protected bool MatchTypesByPrecision(object a, object b, Type typea, 
                     Type typeb, out object a2, out object b2)
  bool ret=false;

  if (a is Enum)

  if (b is Enum)

  int uidxa=unsignedTypes.IndexOf(typea.FullName);
  int uidxb=unsignedTypes.IndexOf(typeb.FullName);

  if ( (uidxa != -1) && (uidxb == -1) )
  else if ( (uidxb != -1) && (uidxa == -1) )

  int idxa=precedence.IndexOf(typea.FullName);
  int idxb=precedence.IndexOf(typeb.FullName);
  if (idxa < idxb)
    ret=MatchTypesToB(a, b, typea, typeb, out a2, out b2);
  else if (idxa > idxb)
    ret=MatchTypesToA(a, b, typea, typeb, out a2, out b2);

  return ret;

Converting One Object To Another

protected bool MatchTypesToA(object a, object b, Type typea, 
                   Type typeb, out object a2, out object b2)
  bool ret=false;
  // Try convert to.
  TypeConverter tcb=TypeDescriptor.GetConverter(typeb);
  if (tcb.CanConvertTo(typea))
    b2=tcb.ConvertTo(b, typea);
    // Try convert from.
    TypeConverter tca=TypeDescriptor.GetConverter(typea);
    if (tca.CanConvertFrom(typeb))
  return ret;

Note that both ConvertTo and ConvertFrom attempts are made, as sometimes the source object will not implement a ConvertTo for the target object, but the target object will implement a ConvertFrom for the source object. There is a complementary "MatchTypesToB" method, which looks very similar.

Unit Testing

I've written 30 unit tests (using the AUT engine, download from here) trying out various comparisons, but this is by no means exhaustive. If you find a problem, let me know!


What can I say? This was a fun exercise, but even I don't have a use for this right now! Do you?


This article has no explicit license attached to it but may contain usage terms in the article text or the download files themselves. If in doubt please contact the author via the discussion board below.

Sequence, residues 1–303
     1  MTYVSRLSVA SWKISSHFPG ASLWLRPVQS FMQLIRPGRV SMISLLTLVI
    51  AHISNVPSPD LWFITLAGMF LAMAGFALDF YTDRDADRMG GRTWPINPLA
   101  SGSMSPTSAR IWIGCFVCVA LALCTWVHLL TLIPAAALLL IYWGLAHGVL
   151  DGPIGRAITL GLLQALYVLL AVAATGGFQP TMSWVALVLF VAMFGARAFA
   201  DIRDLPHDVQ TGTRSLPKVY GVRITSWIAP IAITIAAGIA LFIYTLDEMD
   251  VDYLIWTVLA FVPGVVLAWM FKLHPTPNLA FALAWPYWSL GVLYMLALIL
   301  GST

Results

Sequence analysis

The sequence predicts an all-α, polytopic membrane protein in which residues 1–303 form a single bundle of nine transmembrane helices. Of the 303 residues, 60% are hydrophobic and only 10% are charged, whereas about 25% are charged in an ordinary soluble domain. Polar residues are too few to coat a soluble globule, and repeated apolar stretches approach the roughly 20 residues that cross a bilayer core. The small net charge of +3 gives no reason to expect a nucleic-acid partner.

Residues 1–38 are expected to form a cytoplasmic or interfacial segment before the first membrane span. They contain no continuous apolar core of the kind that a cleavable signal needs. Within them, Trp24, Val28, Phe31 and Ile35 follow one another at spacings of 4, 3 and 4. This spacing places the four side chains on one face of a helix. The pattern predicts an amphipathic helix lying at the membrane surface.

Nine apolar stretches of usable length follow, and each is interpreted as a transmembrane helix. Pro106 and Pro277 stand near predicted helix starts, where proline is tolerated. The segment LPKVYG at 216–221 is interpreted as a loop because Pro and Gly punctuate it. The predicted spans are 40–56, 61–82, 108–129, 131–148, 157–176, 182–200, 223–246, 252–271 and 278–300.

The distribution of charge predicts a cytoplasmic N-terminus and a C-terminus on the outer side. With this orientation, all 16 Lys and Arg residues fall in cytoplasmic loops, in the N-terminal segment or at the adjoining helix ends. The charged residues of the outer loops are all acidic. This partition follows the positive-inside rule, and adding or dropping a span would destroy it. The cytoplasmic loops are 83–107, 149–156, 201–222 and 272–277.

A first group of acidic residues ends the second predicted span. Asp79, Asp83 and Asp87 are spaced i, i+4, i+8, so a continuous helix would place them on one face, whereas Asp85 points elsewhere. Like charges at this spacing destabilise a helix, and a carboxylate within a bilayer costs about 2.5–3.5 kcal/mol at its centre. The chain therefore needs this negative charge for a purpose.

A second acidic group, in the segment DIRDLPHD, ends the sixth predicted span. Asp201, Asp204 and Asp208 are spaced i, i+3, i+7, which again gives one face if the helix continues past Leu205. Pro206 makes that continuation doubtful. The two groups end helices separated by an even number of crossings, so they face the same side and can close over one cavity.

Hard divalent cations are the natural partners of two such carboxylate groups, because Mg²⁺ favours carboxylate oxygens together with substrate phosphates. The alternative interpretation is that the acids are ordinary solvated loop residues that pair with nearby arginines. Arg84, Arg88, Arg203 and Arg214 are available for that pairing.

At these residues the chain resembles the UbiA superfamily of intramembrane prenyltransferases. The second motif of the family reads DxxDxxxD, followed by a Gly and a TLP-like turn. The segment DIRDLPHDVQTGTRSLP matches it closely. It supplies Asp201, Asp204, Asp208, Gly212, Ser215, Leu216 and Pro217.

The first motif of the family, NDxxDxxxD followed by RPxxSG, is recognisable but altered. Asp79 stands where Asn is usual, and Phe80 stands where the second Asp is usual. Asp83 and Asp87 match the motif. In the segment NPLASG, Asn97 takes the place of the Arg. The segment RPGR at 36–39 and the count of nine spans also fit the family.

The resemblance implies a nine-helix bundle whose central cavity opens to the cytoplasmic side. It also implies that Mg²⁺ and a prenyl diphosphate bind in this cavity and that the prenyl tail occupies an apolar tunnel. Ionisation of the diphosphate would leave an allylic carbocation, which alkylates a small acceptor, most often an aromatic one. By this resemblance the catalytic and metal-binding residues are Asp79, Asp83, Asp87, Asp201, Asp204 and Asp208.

A list of licenses authors might use can be found here


About the Author

Marc Clifton
United States United States
Marc is the creator of two open source projects, MyXaml, a declarative (XML) instantiation engine and the Advanced Unit Testing framework, and Interacx, a commercial n-tier RAD application suite.  Visit his website,, where you will find many of his articles and his blog.

Marc lives in Philmont, NY.

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Comments and Discussions

GeneralDynamic casting question. Pin
Preky21-Nov-05 21:33
memberPreky21-Nov-05 21:33 
QuestionSystem.Float? Pin
Chris Lennon20-Jun-05 17:27
memberChris Lennon20-Jun-05 17:27 
GeneralNice! A couple minor issues. Pin
Marc Brooks16-Jun-05 8:46
memberMarc Brooks16-Jun-05 8:46 
GeneralRe: Nice! A couple minor issues. Pin
Richard Deeming20-Jun-05 5:10
memberRichard Deeming20-Jun-05 5:10 
GeneralRe: Nice! A couple minor issues. Pin
Marc Clifton20-Jun-05 10:34
protectorMarc Clifton20-Jun-05 10:34 
GeneralRe: Nice! A couple minor issues. Pin
Marc Clifton20-Jun-05 10:35
protectorMarc Clifton20-Jun-05 10:35 
GeneralGreat article Pin
nemopeti15-Jun-05 21:47
membernemopeti15-Jun-05 21:47